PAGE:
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Trade Deadline Wrap Up: Islanders sit out a quiet day of moves around the NHL


Tampa Bay Lightning v New York Islanders - Game Four
Photo by Bruce Bennett/Getty Images

On the final day for trades among NHL teams, and with good players on bad clubs reportedly available, the Islanders’ big deadline acquisition ended up being one of their own prospects.

GM Garth Snow made no significant moves on the day, including not moving goalie Jaroslav Halak who was probably the most likely card he could play. The team’s complicated call-up of forward Joshua Ho-Sang - the AHL Rookie of the Month, by the way - was about the only transaction of note for the Islanders.

If you waited all day in anticipation of Matt Duchene, Jordan Eberle, Radim Vrbata or anyone else coming to Brooklyn as the Islanders geared up for a run at the playoffs, I’m sorry for your loss. Even though I didn’t think a big move was in the offing, I’m surprised Snow didn’t make some kind of depth move with his team just a point out of the final playoff berth in the Eastern Conference. Not even a Tyler Kennedy this year.

While a few of the teams battling the Islanders for that berth made their own deals, only Florida’s acquisition of Thomas Vanek from Detroit (for former Ranger Dylan McIlrath and a fourth rounder) really counts as a needle-moving move. After the buzzer, the Maple Leafs picked up battle-tested Eric Fehr from the Penguins (to go along with Brian Boyle) and the Bruins grabbed forward Drew Stafford from Winnipeg. The Lightning had Mark Streit for about an hour, first acquiring him from the Flyers for Valtteri Filppula then flipping him to Pittsburgh for a fourth round pick. Ottawa had already made its moves earlier, taking Alexandre Burrows from Vancouver and Viktor Stalberg from Carolina.

As disappointing as the Islanders’ day may have been, the entire deadline was mostly a dud across the NHL. Nashville getting P.A. Parenteau for a sixth rounder probably counts as one of the savvier moves. I love Jarome Iginla, but I don’t know what he’s going to bring to Los Angeles at this point. And the Canadiens decided to goon it up like the Syracuse Bulldogs, picking up Steve Ott, Dwight King and large Andreas Martinsen. Seriously, it kinda sucked.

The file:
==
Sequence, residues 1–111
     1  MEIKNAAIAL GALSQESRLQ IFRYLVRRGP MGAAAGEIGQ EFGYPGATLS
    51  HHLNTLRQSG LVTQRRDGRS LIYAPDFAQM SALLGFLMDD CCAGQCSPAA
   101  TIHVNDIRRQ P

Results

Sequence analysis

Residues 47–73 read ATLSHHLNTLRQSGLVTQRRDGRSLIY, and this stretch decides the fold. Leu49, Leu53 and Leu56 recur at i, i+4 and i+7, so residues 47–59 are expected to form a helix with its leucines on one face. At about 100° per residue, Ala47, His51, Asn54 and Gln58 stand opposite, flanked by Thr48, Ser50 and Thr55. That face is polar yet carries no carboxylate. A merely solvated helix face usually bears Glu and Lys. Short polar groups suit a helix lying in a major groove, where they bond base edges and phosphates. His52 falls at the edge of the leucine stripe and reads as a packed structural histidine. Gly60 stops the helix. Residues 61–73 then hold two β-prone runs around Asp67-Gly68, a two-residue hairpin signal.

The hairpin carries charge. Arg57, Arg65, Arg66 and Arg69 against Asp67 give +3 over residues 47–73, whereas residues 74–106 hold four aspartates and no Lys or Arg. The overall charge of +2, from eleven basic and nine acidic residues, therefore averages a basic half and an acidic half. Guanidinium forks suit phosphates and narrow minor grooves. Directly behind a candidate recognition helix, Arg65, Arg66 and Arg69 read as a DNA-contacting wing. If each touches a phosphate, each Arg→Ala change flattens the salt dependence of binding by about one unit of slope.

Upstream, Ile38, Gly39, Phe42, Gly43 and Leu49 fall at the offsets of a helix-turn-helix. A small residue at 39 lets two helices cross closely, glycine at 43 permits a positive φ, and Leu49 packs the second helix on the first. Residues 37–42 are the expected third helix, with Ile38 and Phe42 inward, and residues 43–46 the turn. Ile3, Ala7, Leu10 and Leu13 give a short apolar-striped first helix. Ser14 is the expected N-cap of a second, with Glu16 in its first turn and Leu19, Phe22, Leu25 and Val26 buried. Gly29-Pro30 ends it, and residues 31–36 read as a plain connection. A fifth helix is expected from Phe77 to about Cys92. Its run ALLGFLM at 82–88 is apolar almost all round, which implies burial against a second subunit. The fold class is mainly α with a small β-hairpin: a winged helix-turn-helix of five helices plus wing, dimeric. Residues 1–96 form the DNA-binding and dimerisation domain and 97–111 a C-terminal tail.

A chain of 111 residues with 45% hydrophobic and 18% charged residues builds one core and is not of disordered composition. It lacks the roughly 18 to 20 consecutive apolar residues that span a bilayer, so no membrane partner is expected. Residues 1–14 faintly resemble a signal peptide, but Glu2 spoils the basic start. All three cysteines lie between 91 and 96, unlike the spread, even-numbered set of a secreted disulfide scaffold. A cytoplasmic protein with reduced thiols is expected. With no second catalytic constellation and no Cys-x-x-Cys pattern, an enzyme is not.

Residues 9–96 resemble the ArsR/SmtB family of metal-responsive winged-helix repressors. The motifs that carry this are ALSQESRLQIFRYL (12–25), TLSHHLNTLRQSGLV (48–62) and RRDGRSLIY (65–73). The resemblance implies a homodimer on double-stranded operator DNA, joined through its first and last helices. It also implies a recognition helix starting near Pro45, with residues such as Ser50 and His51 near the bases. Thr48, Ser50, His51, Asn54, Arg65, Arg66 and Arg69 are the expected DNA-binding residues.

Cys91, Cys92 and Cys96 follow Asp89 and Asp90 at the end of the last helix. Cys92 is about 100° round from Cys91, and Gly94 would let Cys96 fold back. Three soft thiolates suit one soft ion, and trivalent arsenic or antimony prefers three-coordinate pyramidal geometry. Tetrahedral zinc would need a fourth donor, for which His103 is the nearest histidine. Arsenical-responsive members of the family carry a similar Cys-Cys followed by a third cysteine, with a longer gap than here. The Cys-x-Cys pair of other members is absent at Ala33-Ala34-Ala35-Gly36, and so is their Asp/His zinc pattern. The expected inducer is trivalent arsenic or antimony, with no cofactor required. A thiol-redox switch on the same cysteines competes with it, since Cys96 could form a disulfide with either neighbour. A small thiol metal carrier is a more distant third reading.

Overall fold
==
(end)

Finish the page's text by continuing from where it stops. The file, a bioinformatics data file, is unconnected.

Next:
And so, as expected, the Islanders roster for tomorrow night in Dallas looks much like it did on Saturday night in Columbus. Except Ho-Sang is there. See?

Eventually, they’ll get back Cal Clutterbuck, Shane Prince and Travis Hamonic from injuries (Casey Cizikas, too. But it’ll be a while). Either Snow thinks that’s enough to make the playoffs, or the prices he was hearing weren’t to his liking or the packages he was offering weren’t to his colleague’s likings. We’ll have to wait until the dust settles to find out. In the end, the team still retains their prospects and draft picks, which isn’t the worst thing.

Colorado GM Joe Sakic decided to hold onto Duchene and Gabriel Landeskog, and he could hunt for better deals at the draft. We’ve heard rumors that the Islanders had made competitive offers matching Sakic’s high prices, but we don’t know for sure. Sakic’s only move for his league-worst club was getting prospect Sven Andrighetto from Montreal and sending Iginla to the Kings for a conditional fourth rounder that could turn into absolutely nothing at all if he doesn’t re-sign in L.A. There might have been some legal weed action in the Avalanche war room today.

Like Sakic, Coyotes GM John Chayka chose to hold onto possible rentals Vrbata and Shane Doan.

Not moving the AHL-constrained Halak is a little surprising, but given his $3.5 million cap hit, $4.7 and $5 million salaries for this and next season and the fact that, historically, the Islanders aren’t a team that retains salary, it does make some sense. Maybe - and this is just me talking - another lackluster performance or two from Jean-Francois Berube brings Halak back up from Bridgeport. Or they wait until the season ends to just buy him out or hope he ends up in Las Vegas via the expansion draft.

I don’t know what kind of message this lack of movement says to the players. The Islanders weren’t in Win Now Mode like the Capitals or Wild are, and the likelihood of a rental was low to begin with. Maybe they figure they got this far on their own, they can finish the job and make the playoffs and worry about next season next season.

For us, it says we’ll have to wait - once again - for the Islanders to make a big league-wide splash. If we’re lucky, maybe he’ll be wearing No. 66 in white tomorrow night.